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Bob Sutton says the answer can be yes:

[...] radical innovations do often come from people who don’t know what has been or can’t be done. I once had a student who worked as an earlier employee at Invisalign (those clear braces that replace the ugly wire things), and he told me that none of the members of the original design team had any background in traditional braces or dentistry.

He goes on to mention specific benefits of ignorance, particularly when you are dealing with a well-worn domain of knowledge.

I am generally sympathetic to this argument, given the importance of “social bumping” (the unintentional exposure to diverse ideas and perspectives) to problem solving and creativity.  Think about the radical innovation in the music and mobile communications industries brought about by Apple.  Radical change did not come about by sticking a bunch of industry veterans in a room and asking them to rethink the very foundation of their business.  It came because smart, talented people on the outside reconceptualized those industries.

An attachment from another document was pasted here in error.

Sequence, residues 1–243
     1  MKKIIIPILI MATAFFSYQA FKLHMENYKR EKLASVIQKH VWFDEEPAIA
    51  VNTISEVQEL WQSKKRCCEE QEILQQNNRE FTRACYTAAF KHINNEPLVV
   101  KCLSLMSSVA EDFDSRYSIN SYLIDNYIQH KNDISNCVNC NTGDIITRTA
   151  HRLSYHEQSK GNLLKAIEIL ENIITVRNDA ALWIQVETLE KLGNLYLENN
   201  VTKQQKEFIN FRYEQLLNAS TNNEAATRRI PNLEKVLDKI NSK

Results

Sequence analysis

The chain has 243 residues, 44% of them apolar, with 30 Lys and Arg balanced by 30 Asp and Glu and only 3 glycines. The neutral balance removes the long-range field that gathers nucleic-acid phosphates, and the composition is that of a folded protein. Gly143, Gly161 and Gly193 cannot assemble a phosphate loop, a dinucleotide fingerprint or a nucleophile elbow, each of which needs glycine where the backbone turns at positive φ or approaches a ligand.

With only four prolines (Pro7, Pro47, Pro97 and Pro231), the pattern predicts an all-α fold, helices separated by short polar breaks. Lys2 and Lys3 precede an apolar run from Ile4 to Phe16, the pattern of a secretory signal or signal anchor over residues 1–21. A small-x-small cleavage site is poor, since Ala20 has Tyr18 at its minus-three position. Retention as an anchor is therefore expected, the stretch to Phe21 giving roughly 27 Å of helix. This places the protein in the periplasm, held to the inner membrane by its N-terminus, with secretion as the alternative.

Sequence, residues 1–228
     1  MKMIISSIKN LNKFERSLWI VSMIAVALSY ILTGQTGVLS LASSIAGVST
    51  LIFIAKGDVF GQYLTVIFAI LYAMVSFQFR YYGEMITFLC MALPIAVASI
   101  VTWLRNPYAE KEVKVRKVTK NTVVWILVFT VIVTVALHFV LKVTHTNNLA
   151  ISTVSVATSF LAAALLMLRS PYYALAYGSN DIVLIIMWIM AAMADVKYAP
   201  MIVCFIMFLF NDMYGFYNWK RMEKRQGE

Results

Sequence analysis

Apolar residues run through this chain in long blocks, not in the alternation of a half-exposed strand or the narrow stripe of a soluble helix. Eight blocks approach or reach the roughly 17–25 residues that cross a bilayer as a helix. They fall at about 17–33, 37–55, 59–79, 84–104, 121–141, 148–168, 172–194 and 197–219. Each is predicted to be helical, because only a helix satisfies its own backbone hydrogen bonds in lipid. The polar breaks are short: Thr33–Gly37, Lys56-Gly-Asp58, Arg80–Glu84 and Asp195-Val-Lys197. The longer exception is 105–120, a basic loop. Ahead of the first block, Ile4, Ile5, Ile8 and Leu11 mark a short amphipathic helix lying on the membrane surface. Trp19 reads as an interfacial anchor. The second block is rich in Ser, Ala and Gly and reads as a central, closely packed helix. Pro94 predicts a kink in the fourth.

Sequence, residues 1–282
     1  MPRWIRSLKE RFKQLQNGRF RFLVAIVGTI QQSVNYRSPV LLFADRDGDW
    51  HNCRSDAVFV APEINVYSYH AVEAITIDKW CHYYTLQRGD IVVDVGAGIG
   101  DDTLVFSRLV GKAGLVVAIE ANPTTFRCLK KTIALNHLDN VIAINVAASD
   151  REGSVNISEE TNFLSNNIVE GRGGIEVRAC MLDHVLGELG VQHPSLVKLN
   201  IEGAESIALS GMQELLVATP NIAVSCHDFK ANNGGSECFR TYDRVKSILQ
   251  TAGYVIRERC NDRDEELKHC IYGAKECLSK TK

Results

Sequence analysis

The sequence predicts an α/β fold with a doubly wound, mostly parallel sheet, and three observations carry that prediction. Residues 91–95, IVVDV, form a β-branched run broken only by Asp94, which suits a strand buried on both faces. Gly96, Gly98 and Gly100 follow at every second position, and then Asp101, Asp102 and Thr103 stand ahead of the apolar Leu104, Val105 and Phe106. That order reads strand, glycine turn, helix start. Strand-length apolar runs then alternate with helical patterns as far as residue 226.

I especially like Sutton’s suggestion that companies think of problems in terms of their general type instead of the specific industry they are in.  So rather than assemble a team of seasoned experts in retail apparel to solve the problem of declining market share in the face of lower priced competitors, you would assemble individuals who have grappled with the general problem of lower priced competition in multiple industries and domains.  The idea here is that other approaches may have been successful outside of the retail industry that are nevertheless applicable.  Since these solutions come from outside of retail they could represent a “radical innovation” once imported, giving a company a significant advantage (at least in the short term).

This isn’t to say that domain expertise is worthless or counterproductive.  I think the distinction can be made in terms of incremental change and radical change (which Sutton makes in his Weird Ideas That Work)–similar to Kuhn’s distinction between normal science and revolutionary science.  In the incremental area, domain expertise is quite helpful and the distribution of domain expertise to ignorance should be weighted towards the former.  When it comes to radical change (or what Sutton might term radical innovation), however, that distribution needs to shift to at least 50/50, if not skew more heavily towards ignorance and outsiders.  Often times companies manage this by creating separate work streams for normal and innovative operations, with Research & Development fitting into the latter area.  The trick is to not wall-off normal and innovative folks.  Complete separation means you will miss opportunities to mix the two knowledge bases together.

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